Recognizing a Job Well Done

When was the last time you praised your employees or contractors?  Hopefully, you’ve developed the good habit of frequently praising your team members, and if you haven’t, you’re certainly not alone.  Most of us do not get enough praise, so there’s a strong likelihood there’s room for improvement when it comes to recognition of a job well done in just about every workplace.  Here are some tips to praise more and help your workers flourish.

A Bias for Negativity and Criticism 

Our brains are designed by evolution to feel the emotions from negative interactions, including criticism and especially threats, in an exaggerated fashion when compared to feeling the emotions from positive interactions.  When we spotted a saber-toothed tiger, the brain that noticed and overreacted to the tiger by running away was rewarded with surviving.

That evolutionary trait doesn’t translate very well in the work environment we are in.  It takes a larger quantity of positive interactions versus negative interaction to just keep us at a neutral baseline of emotions.  And studies show we perform better when we are happy and positive.  So that’s why recognition is so important in a thriving workplace.

Dos and Don’ts

Here are some guidelines to help you deliver the most effective recognition in your workplace:

1. Be as specific as possible. 

Praise a specific task or interaction when possible rather than generalizing.

2. Direct the praise to a task or effort without listing personality characteristics, especially when you’re giving negative feedback.

For example, saying “The report was creased and had ink blotches on it” is better than saying “You are sloppy.”

3. Be timely in your praise.

Don’t wait a whole year to unload praises and criticisms on an employee.  Let them know where they stand on a frequent basis, and if possible, praise them right after they do something great.

4. If you need to give negative feedback, sandwich it.

The sandwich refers to feedback that is first positive, second negative, and last positive.  It’s important not to end on a negative note.  A sandwich would go like this:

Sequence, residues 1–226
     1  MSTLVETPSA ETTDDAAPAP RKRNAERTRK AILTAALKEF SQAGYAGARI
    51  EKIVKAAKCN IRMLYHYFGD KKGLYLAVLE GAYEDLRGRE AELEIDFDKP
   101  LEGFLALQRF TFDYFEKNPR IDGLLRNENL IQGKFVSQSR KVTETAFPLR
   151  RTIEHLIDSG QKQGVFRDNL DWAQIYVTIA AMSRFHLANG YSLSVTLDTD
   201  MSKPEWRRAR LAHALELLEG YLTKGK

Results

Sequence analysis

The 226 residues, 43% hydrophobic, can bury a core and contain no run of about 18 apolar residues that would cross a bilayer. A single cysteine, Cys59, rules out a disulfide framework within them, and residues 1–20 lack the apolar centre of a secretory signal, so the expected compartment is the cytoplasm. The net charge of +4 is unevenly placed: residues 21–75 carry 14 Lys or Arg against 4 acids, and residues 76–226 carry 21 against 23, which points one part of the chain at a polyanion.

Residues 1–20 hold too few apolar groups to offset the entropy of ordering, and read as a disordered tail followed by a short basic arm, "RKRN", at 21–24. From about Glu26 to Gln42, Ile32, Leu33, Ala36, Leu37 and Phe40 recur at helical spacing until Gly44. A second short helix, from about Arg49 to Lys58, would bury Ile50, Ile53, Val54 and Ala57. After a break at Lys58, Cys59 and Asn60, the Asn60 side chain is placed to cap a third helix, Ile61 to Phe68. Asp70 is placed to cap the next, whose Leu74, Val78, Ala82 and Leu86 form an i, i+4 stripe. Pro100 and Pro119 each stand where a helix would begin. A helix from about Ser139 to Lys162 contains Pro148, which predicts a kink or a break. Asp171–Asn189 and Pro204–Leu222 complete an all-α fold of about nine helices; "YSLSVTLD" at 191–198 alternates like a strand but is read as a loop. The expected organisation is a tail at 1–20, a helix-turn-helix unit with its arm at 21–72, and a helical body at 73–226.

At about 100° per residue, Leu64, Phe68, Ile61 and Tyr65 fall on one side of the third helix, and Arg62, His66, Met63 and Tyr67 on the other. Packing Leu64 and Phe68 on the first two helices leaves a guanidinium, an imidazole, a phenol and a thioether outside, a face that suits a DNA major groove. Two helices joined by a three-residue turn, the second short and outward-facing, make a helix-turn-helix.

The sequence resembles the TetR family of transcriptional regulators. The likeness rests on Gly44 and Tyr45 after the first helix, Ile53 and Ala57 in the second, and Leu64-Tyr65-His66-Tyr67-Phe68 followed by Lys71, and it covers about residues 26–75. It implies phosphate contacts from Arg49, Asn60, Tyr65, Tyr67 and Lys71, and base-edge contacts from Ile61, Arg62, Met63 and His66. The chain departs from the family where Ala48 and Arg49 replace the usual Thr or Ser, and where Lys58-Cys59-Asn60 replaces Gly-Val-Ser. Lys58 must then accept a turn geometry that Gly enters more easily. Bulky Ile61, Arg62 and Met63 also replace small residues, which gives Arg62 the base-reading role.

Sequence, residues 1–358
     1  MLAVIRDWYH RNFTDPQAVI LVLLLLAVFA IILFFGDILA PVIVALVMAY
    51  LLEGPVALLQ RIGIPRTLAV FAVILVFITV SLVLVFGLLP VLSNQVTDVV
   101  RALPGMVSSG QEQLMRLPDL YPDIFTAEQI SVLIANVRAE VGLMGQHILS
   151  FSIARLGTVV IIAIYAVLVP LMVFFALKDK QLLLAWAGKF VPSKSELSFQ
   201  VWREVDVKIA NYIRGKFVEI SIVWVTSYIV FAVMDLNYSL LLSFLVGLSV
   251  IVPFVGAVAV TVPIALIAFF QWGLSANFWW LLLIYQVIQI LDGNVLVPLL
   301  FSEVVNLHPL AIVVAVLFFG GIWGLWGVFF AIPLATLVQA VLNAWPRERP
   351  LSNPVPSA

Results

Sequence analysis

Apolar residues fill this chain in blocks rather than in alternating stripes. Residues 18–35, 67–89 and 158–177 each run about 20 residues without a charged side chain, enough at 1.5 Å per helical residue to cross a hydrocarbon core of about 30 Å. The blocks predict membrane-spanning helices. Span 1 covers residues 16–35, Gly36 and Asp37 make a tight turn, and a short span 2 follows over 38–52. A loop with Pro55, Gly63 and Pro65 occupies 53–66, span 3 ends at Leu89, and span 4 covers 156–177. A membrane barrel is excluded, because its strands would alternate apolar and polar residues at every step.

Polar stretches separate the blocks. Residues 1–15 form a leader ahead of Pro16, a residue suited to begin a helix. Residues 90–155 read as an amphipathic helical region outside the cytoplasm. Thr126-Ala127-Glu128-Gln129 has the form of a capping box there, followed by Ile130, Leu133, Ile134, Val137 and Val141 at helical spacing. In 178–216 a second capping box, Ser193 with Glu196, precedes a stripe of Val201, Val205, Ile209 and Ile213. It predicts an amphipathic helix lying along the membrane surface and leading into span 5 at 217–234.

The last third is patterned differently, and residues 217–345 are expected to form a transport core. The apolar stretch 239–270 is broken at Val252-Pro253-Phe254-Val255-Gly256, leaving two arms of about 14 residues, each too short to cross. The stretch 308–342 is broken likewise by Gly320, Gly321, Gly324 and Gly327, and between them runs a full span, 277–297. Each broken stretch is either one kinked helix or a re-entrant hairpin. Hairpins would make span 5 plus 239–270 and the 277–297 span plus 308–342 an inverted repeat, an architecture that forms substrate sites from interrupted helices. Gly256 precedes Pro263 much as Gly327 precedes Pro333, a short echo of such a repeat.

“Jim, I appreciate how hard you worked on the Cole case.  You put in a lot of hours and showed dedication.  In the restructuring section, I would have liked to see you ask for help earlier in the project.    It would have avoided the delay we have now.  The section on asset disposition was terrific; you really know your stuff in that area.”

5. Always give feedback in private.

It’s important to honor a worker’s privacy when it comes to performance appraisals and even daily or weekly feedback.  If your employee is in a cubicle or other non-private area, you may need to find a place that is more private before you give feedback.

6. Never send negative feedback via email.

It can be really hurtful and is not appropriate at any time.  If a face-to-face meeting is not possible and it just has to be handled right away, then pick up the phone.

7. Use examples.

When giving positive or negative feedback, give several examples of what’s right and wrong so the employee will learn faster and understand better what is expected.

8. Be supportive.

You are on the same team; to grow the company.  The relationship should be supportive and not adversarial.

9. Explain the impact of actions.

Help the employee understand the downstream ramifications of their actions.

10. Encourage future behavior.

Use phrases like “I’d love to see you do more of that.”

Praise your team more often, and when you do, try these tips to watch your employees shine even more.

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